Considering coal

With the energy bill temporarily stalled, there is time to consider the implications of what is being proposed. Since the fossil fuel industry will be a big winner of taxpayers’ money, it is appropriate to start with them.

In a recent press release, Randy Broiles, global planning manager for Exxon Mobil, declared that by 2020 energy demand will rise by 40 percent, CO2 emissions by 50 percent, and most of the world’s energy will come from fossil fuels.

The energy bill is set to make those predictions come true by granting at least four times as much of our money to fossil fuels and nuclear power as to efficiency and renewables.

Since coal is a big winner in the energy bill, it deserves closer consideration. Roughly 90 percent of coal is used to generate electricity. It produces half of our nation’s electricity and most of the releases of CO2, mercury, nitrous oxides and sulfur dioxide.

According to UtiliPoint statistics, more than 80 coal plants with a total capacity of 40 gigawatts are now under construction. With 200 years of reserves and coal prices about one third that of natural gas, it will continue to be an important source of energy.

Part of the cost advantage of coal comes from its advocates’ undermining efforts to force them to internalize the costs of coal production now borne by taxpayers, the environment and future generations.

The most prominent costs avoided include the agreement to not cap CO2 emissions, withdrawal from the Kyoto treaty, funding a long term study of global warming, undoing pollution reduction targets through the “Clear Skies Initiative,” and the potential $2 billion, 10 year research fund for clean coal technologies.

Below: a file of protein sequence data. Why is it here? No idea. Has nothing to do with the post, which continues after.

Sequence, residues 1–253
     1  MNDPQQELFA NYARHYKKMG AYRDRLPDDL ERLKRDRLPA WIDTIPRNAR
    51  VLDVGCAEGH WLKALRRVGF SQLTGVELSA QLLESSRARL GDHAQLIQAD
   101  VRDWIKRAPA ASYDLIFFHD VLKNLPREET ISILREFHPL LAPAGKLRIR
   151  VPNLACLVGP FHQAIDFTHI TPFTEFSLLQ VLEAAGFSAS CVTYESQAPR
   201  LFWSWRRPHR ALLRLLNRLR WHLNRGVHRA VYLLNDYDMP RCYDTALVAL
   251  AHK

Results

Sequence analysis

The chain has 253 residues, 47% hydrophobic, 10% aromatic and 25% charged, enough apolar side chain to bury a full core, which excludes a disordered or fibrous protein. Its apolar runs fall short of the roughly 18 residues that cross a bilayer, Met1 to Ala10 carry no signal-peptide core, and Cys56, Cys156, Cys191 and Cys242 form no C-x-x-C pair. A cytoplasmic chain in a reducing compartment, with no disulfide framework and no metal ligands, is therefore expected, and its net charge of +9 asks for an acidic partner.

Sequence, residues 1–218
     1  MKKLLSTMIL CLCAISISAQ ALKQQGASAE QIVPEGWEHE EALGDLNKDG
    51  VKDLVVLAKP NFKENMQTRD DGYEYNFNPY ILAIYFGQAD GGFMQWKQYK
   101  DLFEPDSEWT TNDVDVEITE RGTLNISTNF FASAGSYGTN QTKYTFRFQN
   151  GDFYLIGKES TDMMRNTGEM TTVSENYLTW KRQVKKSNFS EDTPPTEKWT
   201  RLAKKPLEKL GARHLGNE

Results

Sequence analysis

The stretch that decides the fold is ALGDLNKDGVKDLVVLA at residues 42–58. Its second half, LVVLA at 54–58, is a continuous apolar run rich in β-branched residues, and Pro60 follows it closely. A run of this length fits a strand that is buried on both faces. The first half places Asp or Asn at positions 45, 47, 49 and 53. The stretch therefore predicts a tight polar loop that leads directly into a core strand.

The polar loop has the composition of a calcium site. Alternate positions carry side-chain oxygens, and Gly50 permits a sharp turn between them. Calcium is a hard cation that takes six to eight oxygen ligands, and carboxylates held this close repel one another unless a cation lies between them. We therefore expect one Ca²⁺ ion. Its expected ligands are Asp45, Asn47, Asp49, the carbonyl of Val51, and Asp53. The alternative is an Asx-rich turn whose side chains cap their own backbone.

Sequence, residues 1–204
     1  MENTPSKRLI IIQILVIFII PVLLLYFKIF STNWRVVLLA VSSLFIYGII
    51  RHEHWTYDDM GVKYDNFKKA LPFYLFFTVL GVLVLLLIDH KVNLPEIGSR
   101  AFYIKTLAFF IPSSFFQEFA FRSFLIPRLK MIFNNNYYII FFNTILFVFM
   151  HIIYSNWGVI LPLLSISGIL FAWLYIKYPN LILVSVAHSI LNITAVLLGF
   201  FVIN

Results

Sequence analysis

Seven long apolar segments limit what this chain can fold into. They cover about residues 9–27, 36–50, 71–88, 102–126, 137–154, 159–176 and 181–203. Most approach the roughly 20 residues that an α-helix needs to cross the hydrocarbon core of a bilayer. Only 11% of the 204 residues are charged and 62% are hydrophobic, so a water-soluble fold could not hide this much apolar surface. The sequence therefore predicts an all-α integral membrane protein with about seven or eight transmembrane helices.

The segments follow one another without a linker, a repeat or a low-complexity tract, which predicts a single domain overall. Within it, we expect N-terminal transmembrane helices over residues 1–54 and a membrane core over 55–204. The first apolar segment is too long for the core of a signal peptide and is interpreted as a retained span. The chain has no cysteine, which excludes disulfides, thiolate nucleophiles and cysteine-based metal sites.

Eventually CO2 emissions will be regulated. A study by Innovest Strategic Value Investors indicates that utilities would be more profitable using more efficient coal generators now and combining them with renewable energy and energy efficiency programs to reduce CO2 emissions.

The key question is how to get utilities to invest in existing technologies to clean up coal. Current coal plants which are about 34 percent efficient should be replaced with newer designs which achieve efficiencies of 55 percent.

The Zero Emission Coal Alliance has designed a coal power plant that extracts hydrogen from coal and water and uses the hydrogen to power a fuel cell. They report an efficiency of 70 percent. If carbon is sequestered, efficiency drops.

In Wisconsin, two new conventionally designed plants are approved for construction. A third cleaner burning plant was rejected on the grounds that the technologies are costly and unproven. If cleaner coal technologies are more costly, government funds could be used to offset the cost disadvantage to get cleaner coal today.

While coal resources are plentiful, increasing amounts of energy are used to bring it to market. In 1954 each unit of energy used to mine coal yielded 177 units of energy. By 1977 the yield dropped to 98 units.

If all the energy used in producing electricity from coal is included, only 20 units are available. According to Richard Heimberg, if the sharp rate of decline in useable energy from coal continues, by 2040 two units of energy will be used for every unit of useable energy produced. Under such conditions, why consider coal as the energy source of the future?

Since energy will be required for the transition to an economic system based on renewable energy and efficiency, we need to use what is left of our energy resources now to accelerate the transition, not expand our commitment to a fossil fuel.

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